‘Just like Anna,’ I say.
At the Prater, an amusement park, we ride an old-fashioned Ferris Wheel.
‘Here,’ Ms N says, ‘we learn that Harry never cared about Anna. In fact, Harry sold Anna to the Russians to save his own skin.’
‘Why does she still love him?’
‘Part of the answer,’ Ms N says, ‘is a speech we hear at the Prater: that chaos and terror in Italy under the Borgias created the Renaissance, Michelangelo and Leonardo da Vinci – whereas peace and stability produced only cuckoo clocks.’
‘Cuckoo clocks? Who makes this speech?’
‘Watch the movie and find out,’ Ms N says.
We catch the 71 tram to a great gate.
‘This is the Central Cemetery,’ Ms N says, ‘where my favourite scene in The Third Man takes place. Again, it stars Anna.’
‘Does it involve also Harry Lime?’
‘Yes, but he is dead.’
‘Of course, he is dead,’ I say. ‘He has been killed before Holly arrives in Vienna.’
‘Picture the scene,’ Ms N says. ‘Harry Lime has been buried.’
‘Why are they waiting so long after the accident?’
‘You will have to watch the movie. Holly Martins attends the funeral. But as he departs, he sees Anna, walking down this road. He waits for her. She approaches, slowly, leaves falling around her. Winter is coming. Harry is dead. Anna is alone.’
‘Holly must have a chance, now,’ I say.
‘Holly watches Anna approach. At last, she draws near. Will she stop, and kiss him?’
‘I hope she does,’ I say. ‘That would be romantic.’
‘Anna walks past Holly, towards an uncertain future, without a man. Because she is still in love with Harry Lime.’
‘But Harry Lime is a child-killing drug-dealer. He has sold Anna to the Russians. Also, he is dead.’
‘This may be the most romantic scene in all of cinema,’ Ms N says. ‘Because no-one can understand love.’
‘I need a drink,’ I say.
Later, we sit on a terrace on the 16th floor of a hotel. Vienna lies at our feet.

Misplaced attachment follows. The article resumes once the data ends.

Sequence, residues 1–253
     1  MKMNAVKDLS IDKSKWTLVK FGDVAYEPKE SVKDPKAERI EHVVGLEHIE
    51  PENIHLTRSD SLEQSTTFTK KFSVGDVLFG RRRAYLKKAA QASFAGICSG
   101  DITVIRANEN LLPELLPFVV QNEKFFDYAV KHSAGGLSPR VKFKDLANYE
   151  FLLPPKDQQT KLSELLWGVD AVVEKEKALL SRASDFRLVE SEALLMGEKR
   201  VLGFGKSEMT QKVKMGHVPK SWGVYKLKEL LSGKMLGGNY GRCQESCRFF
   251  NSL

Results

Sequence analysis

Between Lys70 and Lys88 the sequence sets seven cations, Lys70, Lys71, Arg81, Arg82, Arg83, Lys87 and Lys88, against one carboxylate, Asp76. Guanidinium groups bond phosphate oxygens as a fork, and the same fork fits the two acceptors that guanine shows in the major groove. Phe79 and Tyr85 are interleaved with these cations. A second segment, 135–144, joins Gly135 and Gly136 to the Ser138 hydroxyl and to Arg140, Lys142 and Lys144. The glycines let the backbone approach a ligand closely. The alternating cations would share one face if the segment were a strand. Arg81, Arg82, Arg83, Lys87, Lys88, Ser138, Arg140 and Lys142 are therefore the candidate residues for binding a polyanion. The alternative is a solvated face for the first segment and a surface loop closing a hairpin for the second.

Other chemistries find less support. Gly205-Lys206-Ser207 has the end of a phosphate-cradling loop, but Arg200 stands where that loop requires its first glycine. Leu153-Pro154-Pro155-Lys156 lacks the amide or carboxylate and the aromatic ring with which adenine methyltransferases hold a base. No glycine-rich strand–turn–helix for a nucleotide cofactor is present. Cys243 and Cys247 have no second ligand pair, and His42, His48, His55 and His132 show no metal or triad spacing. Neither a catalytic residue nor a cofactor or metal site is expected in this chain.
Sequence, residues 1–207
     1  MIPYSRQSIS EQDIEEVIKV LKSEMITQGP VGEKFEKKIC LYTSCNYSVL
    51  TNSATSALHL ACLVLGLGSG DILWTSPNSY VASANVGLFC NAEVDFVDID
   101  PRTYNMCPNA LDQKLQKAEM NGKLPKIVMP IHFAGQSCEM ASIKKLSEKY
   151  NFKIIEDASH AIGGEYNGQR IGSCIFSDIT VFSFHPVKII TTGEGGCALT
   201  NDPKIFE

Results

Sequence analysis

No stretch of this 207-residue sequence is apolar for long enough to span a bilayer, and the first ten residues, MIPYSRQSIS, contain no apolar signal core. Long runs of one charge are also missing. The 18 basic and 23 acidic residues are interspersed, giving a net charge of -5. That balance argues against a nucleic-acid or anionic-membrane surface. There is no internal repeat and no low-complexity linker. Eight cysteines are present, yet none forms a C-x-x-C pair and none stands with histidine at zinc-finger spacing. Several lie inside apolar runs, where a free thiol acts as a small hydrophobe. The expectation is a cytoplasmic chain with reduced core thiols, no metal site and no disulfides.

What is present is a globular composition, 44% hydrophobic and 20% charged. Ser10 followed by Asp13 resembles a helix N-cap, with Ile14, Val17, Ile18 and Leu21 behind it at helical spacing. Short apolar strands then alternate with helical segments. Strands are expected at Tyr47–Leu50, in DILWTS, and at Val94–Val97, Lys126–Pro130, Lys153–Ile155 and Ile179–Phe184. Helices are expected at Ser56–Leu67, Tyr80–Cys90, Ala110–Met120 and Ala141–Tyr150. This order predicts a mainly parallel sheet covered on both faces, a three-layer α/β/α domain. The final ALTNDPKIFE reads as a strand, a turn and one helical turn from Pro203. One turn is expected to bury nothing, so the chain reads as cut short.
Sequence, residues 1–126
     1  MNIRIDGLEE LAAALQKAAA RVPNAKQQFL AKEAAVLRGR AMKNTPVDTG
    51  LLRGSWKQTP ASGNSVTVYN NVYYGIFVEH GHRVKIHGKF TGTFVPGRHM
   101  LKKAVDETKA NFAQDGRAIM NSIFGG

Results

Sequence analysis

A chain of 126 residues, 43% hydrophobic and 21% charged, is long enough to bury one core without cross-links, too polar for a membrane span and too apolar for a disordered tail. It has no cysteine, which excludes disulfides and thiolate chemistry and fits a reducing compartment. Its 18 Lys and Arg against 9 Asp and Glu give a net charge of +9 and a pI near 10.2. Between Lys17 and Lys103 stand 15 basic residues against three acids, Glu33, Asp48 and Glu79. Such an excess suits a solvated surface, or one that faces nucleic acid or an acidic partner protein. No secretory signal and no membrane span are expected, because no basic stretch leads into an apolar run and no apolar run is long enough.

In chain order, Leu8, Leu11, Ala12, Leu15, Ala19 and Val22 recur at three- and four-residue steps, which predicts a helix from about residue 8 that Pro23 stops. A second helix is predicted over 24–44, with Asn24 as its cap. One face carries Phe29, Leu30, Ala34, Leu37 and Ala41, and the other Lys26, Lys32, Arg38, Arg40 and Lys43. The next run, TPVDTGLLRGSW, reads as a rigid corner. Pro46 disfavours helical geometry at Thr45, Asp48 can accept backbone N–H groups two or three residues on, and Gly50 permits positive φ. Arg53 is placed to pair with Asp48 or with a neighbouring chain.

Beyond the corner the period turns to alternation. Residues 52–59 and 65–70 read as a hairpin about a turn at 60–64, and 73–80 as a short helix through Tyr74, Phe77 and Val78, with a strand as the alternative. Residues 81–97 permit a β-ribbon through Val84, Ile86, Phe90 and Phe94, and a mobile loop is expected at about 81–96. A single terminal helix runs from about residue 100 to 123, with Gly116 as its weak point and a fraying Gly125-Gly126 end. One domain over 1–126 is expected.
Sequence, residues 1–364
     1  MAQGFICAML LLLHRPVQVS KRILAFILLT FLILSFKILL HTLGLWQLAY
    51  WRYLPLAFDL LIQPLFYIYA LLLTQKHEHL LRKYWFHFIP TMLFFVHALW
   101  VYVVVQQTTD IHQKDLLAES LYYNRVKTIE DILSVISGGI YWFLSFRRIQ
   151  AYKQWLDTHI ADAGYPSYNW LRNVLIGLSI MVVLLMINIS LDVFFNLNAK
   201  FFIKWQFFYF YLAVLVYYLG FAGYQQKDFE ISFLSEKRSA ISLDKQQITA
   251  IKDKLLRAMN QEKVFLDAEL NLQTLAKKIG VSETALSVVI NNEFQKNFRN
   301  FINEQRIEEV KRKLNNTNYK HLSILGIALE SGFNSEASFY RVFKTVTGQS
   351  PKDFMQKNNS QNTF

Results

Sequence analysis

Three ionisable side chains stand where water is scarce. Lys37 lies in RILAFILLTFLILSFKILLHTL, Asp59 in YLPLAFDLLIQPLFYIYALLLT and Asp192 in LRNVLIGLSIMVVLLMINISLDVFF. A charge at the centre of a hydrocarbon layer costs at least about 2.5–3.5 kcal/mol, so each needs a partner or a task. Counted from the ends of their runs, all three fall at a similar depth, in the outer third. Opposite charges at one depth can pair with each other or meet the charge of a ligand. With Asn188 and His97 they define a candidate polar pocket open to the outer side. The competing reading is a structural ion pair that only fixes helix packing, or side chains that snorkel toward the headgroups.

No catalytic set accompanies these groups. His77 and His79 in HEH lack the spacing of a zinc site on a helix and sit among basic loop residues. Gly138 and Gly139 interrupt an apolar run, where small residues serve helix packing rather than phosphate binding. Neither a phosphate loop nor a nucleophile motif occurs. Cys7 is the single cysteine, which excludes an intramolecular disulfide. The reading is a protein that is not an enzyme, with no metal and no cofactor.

‘Cheers,’ Ms N says. Below, spotlights illuminate the Belvedere Palace.‘Thank you for showing me the Vienna of The Third Man,’ I say. ‘I like this Anna very much. Harry Lime, I am not so sure. What would you do, if you were in love with such a man?’
‘If I found Harry Lime had checked into a hotel of which I was the General Manager,’ Ms N says, ‘I cannot rule out that he would suffer an accident. It might be safer for such a man, no matter how charming, to stay at a different hotel.’
I nod. I am thinking of other men who have behaved badly in hotels run by Ms N. I think of sharks, and sausages; of thousands of tons of concrete; of a giant cake; of an elevator, full of blood; and of a giant alligator.
I raise my glass, and try to imagine how Ms N would solve the problem of Mr Harry Lime checking into her hotel.
Ms N is good at solving problems. One day, I would like to be like her.
Robert Pimm is a Vienna-based author of several books (such as the thriller “Blood Summit”) . Born in England, raised in Africa, he is a graduate of Cambridge University and a former writer for the Financial Times. His blog robertpimm.com includes short stories, reviews, travel journalism and tales of hitch-hiking the USA in 1979. Sign up!